Initial symptoms include fever, headache, muscle aches, backache, swollen lymph nodes, chills and exhaustion.

A rash may develop on the face before spreading to other parts of the body.

Can it be fatal?

Monkeypox infection is usually a mild illness and most people recover within several weeks. However, severe illness can occur in some individuals.

But in some cases it can be fatal.
What is the treatment?

There are no specific treatments or vaccines available for monkeypox infection, but outbreaks can be controlled.

Source:   [url]https://www.mirror.co.uk/news/uk-news/monkeypox-warning-patient-diagnosed-potentially-13212966[url
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[sie=4]Monkeypox UK outbreak: Second case confirmed - what symptoms to look out for

UPDATED: 20:30, Tue, Sep 11, 2018
MONKEYPOX is a rare viral infection which can begin with a fever and headache and develop into a rash. But while most people recover within weeks, it can cause severe illness and can have deadly consequences.
By Katrina Turrill

Monkeypox case number two has been confirmed in the UK, with a second individual diagnosed in England.

A patient was diagnosed with the illness last week in Cornwall and is currently receiving care at the Royal Free in London. But Public Health England (PHE) has said there no link between the two cases.

The patient in this second case is believed to have contracted the disease in Nigeria before travelling to the UK.

The second patient first presented at Blackpool Victoria Hospital and following a positive test result was transferred to Royal Liverpool University Hospital, an expert respiratory infectious disease centre, where they are now receiving appropriate care.

Monkeypox is a rare viral infection that does not spread easily between people. It is usually a mild self-limiting illness.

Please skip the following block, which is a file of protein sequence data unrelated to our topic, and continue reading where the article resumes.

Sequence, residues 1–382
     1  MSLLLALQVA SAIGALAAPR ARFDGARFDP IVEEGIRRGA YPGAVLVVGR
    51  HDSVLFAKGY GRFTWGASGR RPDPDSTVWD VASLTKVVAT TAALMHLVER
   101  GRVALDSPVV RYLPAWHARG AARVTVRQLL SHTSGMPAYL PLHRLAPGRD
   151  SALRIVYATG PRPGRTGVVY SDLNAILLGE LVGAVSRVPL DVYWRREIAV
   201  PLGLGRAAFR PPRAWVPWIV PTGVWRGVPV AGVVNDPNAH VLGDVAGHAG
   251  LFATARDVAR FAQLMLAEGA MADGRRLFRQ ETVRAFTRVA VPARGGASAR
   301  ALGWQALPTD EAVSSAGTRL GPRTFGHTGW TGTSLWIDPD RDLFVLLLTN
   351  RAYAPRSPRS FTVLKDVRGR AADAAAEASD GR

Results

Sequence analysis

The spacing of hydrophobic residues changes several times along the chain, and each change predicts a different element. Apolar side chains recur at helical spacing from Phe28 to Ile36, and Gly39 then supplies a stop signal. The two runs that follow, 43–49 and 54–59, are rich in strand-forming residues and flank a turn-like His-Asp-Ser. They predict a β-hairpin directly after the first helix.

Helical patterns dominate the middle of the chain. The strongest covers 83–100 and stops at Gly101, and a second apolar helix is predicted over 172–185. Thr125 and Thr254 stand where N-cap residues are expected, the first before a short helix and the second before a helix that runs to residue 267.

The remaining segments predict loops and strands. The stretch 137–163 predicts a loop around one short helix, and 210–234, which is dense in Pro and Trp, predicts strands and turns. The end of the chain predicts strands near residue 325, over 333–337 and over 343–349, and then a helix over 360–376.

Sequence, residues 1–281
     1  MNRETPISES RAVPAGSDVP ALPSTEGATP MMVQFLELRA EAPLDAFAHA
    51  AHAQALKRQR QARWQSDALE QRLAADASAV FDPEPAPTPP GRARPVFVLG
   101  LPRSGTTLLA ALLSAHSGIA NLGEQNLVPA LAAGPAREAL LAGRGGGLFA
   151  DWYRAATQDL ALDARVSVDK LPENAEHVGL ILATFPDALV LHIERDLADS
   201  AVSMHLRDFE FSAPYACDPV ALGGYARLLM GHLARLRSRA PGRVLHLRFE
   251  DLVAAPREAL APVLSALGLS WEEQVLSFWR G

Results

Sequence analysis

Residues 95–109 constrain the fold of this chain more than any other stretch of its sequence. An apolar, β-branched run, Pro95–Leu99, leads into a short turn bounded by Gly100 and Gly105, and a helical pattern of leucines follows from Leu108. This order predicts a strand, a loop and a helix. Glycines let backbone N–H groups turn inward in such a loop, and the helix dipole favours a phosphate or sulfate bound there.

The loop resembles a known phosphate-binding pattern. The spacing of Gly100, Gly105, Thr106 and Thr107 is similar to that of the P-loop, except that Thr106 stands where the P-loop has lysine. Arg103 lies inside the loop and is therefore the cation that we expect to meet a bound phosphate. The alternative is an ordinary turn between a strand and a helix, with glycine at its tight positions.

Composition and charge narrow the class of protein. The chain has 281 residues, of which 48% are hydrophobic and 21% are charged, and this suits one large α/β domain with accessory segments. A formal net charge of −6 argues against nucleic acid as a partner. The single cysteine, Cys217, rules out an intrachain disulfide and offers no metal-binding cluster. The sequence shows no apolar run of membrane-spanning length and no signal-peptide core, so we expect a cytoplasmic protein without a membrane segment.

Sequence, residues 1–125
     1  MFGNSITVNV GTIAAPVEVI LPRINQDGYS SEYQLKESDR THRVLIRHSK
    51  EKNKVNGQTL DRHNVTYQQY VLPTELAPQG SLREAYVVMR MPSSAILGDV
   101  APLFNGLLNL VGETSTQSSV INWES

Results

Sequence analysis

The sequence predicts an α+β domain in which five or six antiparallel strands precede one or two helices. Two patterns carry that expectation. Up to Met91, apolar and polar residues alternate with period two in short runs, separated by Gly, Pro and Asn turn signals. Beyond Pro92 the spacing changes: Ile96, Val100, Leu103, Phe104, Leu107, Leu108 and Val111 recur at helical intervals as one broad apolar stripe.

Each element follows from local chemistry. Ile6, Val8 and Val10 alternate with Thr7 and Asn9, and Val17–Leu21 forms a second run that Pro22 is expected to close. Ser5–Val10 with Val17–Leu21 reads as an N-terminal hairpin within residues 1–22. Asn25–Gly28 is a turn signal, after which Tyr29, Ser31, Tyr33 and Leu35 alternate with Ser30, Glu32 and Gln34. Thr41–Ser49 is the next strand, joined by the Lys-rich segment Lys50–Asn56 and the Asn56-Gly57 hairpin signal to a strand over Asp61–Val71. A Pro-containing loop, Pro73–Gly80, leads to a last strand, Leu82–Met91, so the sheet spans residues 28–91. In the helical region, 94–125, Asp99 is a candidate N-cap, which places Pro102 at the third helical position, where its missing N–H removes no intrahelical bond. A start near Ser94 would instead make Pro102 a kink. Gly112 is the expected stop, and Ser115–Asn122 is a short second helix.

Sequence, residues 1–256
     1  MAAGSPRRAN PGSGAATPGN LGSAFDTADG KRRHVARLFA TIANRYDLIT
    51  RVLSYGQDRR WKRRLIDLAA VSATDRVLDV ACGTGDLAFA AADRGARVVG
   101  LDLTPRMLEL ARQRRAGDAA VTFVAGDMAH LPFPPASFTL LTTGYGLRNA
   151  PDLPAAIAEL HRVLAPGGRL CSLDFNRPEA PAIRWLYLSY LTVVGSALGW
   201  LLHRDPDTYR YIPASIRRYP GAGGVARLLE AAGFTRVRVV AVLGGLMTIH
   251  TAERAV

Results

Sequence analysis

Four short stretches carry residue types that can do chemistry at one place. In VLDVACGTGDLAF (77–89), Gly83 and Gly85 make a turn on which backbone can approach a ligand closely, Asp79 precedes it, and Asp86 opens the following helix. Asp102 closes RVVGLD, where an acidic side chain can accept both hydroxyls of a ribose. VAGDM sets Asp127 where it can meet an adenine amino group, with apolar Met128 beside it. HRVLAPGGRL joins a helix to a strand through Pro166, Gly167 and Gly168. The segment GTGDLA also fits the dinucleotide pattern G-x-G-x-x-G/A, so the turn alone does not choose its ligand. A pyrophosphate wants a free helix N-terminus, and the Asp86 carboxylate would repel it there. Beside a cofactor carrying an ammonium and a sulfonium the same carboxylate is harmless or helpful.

Dr Nick Phin, Deputy Director, National Infection Service at PHE: “We know that in September 2017 Nigeria experienced a large sustained outbreak of monkeypox and since then sporadic cases have continued to be reported.

“It is likely that monkeypox continues to circulate in Nigeria and could therefore affect travellers who are returning from this part of the world, however, it is very unusual to see two cases in such a relatively short space of time.

“We are working hard to contact individuals, including healthcare workers, that might have come into contact with the individual to provide information and health advice.”

Dr Mike Beadsworth, Clinical Director of the Tropical and Infectious Diseases Unit added: “We are treating a patient who has tested positive for monkeypox. The patient is being cared for on our specialist infectious and tropical diseases unit, by highly trained staff who are experienced in dealing with a variety of infectious diseases.

“All necessary precautions are being taken by specialist staff and there is currently no risk to other staff, patients or visitors.

“We ask that people continue to use our services as normal and that people only come to our emergency department if their condition is serious and/or an emergency.”

The first monkeypox patient was staying in a naval base in Cornwall, before being taken to hospital.

They are a resident of Nigeria, and it’s believed they contracted the infection before travelling to the UK.

PHE and the NHS are contacting individuals who may have been in close contact with the patient, as monkeypox can be spread by human-to-human contact.

So what are the symptoms of monkeypox you should be looking out for?
Initial symptoms of the infection include fever, headache, aching muscles, backache, swollen lymph nodes, chills and exhaustion.

A rash can also develop, usually starting on the face before spreading to other parts of the body, such as the hands and soles of the feet.

Often the rash develops into vesicles, which are small, fluid-filled blisters. These can become crusty and tend to fall off the skin in around 10 days.

The World Health Organization says it may take up to three weeks for the crusts to completely disappear.

The virus is usually spread via infected animals, but the best way to avoid it is to regularly wash your hands.

Source and video:    https://www.express.co.uk/life-style/health/1016115/monkeypox-virus-outbreak-second-case-uk-symptoms-signs